Scientists Find New Clues In Old Mystery Of How Earth Got Its Water
About three-quarters of the Earth’s surface is covered with water. But how did it get there?
While some scientists believe water was delivered by icy space rocks smashing into the planet after it was formed, others have argued that water has been on Earth since its formation — and new research indicates they might be right.
An international team of scientists has found new evidence that water may have been a fundamental part of Earth since its beginning some 4.5 billion years ago.
“Our data suggest that the majority of Earth’s water was sourced from water molecules stuck to the surface of dust particles,” Dr. Lydia Hallis, the earth scientist at the University of Glasgow in Scotland who led the research, told The Huffington Post. “These dust particles eventually accreted together to form the Earth. So the planet’s water was brought in during Earth’s initial formation.”
For the study, which was published Friday in the journal Science, researchers examined volcanic rocks from Baffin Island off the Canadian coast and Icelandic lava. They noted that the rocks were from ancient sources beneath Earth’s surface and have remained untouched since the planet’s formation.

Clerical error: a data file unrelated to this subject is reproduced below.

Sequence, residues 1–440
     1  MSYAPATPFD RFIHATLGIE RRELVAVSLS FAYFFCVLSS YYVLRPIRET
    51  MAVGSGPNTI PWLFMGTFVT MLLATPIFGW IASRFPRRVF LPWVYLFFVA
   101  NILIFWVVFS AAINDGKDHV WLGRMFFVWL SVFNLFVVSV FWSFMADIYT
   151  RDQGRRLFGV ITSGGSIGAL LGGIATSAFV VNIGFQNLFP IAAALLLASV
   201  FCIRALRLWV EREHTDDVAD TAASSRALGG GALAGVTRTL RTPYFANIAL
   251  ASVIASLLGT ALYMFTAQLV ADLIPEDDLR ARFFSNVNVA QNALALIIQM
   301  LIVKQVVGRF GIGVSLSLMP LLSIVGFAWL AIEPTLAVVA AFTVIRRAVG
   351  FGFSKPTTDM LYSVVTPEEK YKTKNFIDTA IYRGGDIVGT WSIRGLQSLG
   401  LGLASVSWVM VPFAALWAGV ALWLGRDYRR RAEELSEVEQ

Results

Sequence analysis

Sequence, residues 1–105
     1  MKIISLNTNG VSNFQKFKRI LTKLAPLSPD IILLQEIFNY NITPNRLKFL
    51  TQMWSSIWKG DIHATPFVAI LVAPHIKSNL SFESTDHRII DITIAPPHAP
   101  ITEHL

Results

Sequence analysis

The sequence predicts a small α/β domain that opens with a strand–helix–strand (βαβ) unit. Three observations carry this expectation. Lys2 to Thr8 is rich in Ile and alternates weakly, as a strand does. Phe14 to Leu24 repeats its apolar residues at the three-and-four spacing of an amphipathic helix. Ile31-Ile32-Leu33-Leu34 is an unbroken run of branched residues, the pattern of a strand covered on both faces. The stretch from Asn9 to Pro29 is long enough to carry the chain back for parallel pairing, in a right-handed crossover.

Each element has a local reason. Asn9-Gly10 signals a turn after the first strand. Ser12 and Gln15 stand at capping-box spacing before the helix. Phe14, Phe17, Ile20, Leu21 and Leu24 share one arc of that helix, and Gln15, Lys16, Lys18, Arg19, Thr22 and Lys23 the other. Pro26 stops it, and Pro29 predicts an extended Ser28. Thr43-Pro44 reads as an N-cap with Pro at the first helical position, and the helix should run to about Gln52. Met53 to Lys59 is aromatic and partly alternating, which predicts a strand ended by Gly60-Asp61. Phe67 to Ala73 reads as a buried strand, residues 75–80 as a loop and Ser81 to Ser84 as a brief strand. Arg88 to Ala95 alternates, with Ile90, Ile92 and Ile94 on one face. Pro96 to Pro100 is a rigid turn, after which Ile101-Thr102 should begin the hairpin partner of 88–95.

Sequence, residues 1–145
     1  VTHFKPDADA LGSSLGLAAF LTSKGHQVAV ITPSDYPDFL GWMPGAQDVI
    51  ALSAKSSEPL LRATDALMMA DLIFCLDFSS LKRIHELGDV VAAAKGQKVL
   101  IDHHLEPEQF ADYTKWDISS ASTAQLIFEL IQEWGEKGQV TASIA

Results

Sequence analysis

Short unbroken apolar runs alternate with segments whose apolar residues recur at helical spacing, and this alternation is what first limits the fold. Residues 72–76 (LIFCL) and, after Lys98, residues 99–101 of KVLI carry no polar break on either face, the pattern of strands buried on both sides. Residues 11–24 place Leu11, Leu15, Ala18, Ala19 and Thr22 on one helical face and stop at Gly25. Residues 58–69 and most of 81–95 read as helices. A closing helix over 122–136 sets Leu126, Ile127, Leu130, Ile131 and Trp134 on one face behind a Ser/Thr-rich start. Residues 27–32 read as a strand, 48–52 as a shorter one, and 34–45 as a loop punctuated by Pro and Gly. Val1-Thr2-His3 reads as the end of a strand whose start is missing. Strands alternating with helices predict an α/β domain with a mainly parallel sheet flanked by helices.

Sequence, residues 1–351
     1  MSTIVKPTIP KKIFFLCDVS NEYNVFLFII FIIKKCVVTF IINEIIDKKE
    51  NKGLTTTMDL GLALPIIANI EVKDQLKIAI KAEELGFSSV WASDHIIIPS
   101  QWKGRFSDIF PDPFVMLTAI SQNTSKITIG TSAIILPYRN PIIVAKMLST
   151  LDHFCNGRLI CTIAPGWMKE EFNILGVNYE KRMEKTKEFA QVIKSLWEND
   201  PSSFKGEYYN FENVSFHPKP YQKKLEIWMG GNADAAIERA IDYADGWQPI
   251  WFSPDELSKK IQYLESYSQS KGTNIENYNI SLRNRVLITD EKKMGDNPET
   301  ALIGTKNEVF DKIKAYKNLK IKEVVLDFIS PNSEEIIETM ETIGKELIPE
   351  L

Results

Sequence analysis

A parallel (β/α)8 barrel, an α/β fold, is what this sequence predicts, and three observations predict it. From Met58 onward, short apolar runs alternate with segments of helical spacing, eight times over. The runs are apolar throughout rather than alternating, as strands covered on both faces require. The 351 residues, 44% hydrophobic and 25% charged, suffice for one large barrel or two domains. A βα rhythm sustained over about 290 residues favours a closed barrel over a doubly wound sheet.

Using an advanced instrument called an ion microprobe, scientists took a close look inside the rocks to detect any chemical traces of early water, including its hydrogen composition.
In addition to finding such traces, they determined that the water’s chemical composition had very little of a hydrogen isotope called deuterium, which is sometimes called “heavy hydrogen.” Deuterium can be linked to different planetary bodies in space, but the amount found in the water suggests that it was not carried to Earth from elsewhere.